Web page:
1. Increase the penalties As of present, the penalties include imprisonment for not less than six years and one month, and not more than fifteen years. We recommend that imprisonment should be increased to not less than twelve years and one day. While not an absolute solution against determined violators of law, the increase in penalty is an assertion of this Committee's stand that graft and corruption should be more stringently addressed.

2. Increase the prescription period of offenses Section 11 of the law should be amended and the prescription of offenses should be changed from fifteen to twenty years. There is a need to ensure that the reach of the law cannot be barred by the mere lapse of time.

3. Provide that the right of the State to recover properties unlawfully acquired should not be barred by the passage of time, or by any other related reason


4. Expand the list of offenses listed Our current procurement law needs to include the stages after bidding and/or negotiation, and award of the contract. In this helicopter probe, we can clearly see that it is also equally important to regulate delivery and acceptance. With this, the Government Procurement Reform Act must include the following offenses:

a. Approving a contract with a bidder that is not legally, technically, and financially capable of entering into a contract; b. Delivering, and accepting goods, products, and services which are different from those approved by the appropriate bids and awards and/or negotiation committee and reflected in the resulting Supply Contract;

The Committee believes that prejudice to the government does not only happen when a procuring entity awards the contract to an unqualified supplier, contractor, and/or consultant. The greater prejudice arises when the government does not receive the goods, projects, and/or services that it paid for. As in the case of the anomalous choppers procurement, even if MAPTRA was a qualified supplier, the government would still have been prejudiced precisely because the choppers delivered were contrary to the contractually promised brand-new goods.

Acts and omissions in the process of delivery and acceptance should thus be penalized if these include, among others, "ghost deliveries, under-delivery, or delivery of inferior quality materials."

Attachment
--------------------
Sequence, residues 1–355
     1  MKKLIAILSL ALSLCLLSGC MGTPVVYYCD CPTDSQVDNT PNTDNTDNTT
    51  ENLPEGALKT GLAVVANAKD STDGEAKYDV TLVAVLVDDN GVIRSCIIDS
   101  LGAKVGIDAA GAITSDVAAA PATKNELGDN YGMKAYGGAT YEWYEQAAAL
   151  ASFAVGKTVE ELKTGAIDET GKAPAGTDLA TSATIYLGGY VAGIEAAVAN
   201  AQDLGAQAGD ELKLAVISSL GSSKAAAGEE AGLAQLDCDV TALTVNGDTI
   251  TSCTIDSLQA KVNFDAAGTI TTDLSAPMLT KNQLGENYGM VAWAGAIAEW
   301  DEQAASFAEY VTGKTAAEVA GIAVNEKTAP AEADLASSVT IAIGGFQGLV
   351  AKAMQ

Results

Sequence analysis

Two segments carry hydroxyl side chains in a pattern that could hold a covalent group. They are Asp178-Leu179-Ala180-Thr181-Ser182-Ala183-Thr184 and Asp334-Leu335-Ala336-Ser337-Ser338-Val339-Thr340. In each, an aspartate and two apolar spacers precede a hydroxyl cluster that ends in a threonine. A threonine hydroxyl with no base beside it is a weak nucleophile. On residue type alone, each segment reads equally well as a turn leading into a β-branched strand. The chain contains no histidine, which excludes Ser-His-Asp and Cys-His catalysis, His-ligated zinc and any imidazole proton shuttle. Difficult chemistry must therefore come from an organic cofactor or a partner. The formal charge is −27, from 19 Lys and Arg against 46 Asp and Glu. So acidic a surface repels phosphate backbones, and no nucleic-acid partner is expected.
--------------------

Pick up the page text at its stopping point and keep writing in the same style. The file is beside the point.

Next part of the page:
5. Require entities to establish and make known the process and corresponding accountabilities in relation to stages other than bidding and/or negotiations First, each procurement entity should release and publish three things: - The procedures by which it establishes standards, priorities, and terms of reference - Clear guidelines as to the process for changing and amending these - A clear list of the recommending and approving authorities

Public officers and private individuals must be penalized should they be found guilty of manipulating these standards to favor specific suppliers, consultants, and/or contractors. It is not enough for them to be penalized under the Anti-Graft and Corrupt Practices Act. The mere act of changing specifications, priorities, and/or terms of reference, in breach of established guidelines must be a separate and punishable act.

Second, while it may be a matter of common sense, this Committee nevertheless takes this moment to remind the PNP and every government agency that procures and accepts goods, infrastructure projects and services, to observe due diligence in the performance of their duties.

Part of these duties is that the relevant committees in the procurement process, from the initial stages until the final acceptance of the goods, infrastructure project, or consulting services, should have a member/s who are technically capable in relation to the contract/bid being assessed. This member should have a decision-making authority, rather than a mere recommendatory authority and should be equally liable for acts or omissions in violation of law. During the course of this particular investigation, it was obvious that the officials were simply relying on the defense: "I am not technically capable of assessing these helicopters. I just depended on the recommendation of the technical group."

The Inspection/Acceptance Committee should be given the Supply Contract and the NAPOLCOM specifications upon which they should based their report. In this PNP case, some members of the Inspection/Acceptance Committee were stubborn in their opinion that their only job was to ensure that the goods were in accordance with NAPOLCOM specifications. They admitted that they just assumed that the goods were brand-new, but they were clear in their testimony that they did not know if the Supply Contract itself required brand-new goods.

Lastly, this Committee pushes for the passage of the FREEDOM OF INFORMATION BILL to give definite, clear, and implementable standards for concerned citizens and groups to have access to critical information, like those related to the procurement of goods, infrastructure projects, and consulting services by the government. While the current procurement law allows NGOs and other citizen observers to be present in various stages of the procurement process, the value of their participation can only truly be given meaning if this is guided by accurate and relevant information which is made reasonably available to them by government.

After this session, allow me to invite you to join us as we proceed to the Office of the Ombudsman to file our Complaint against Jose Miguel Arroyo and the PNP officers who conspired to rob the Filipino people yet again.

Thank you.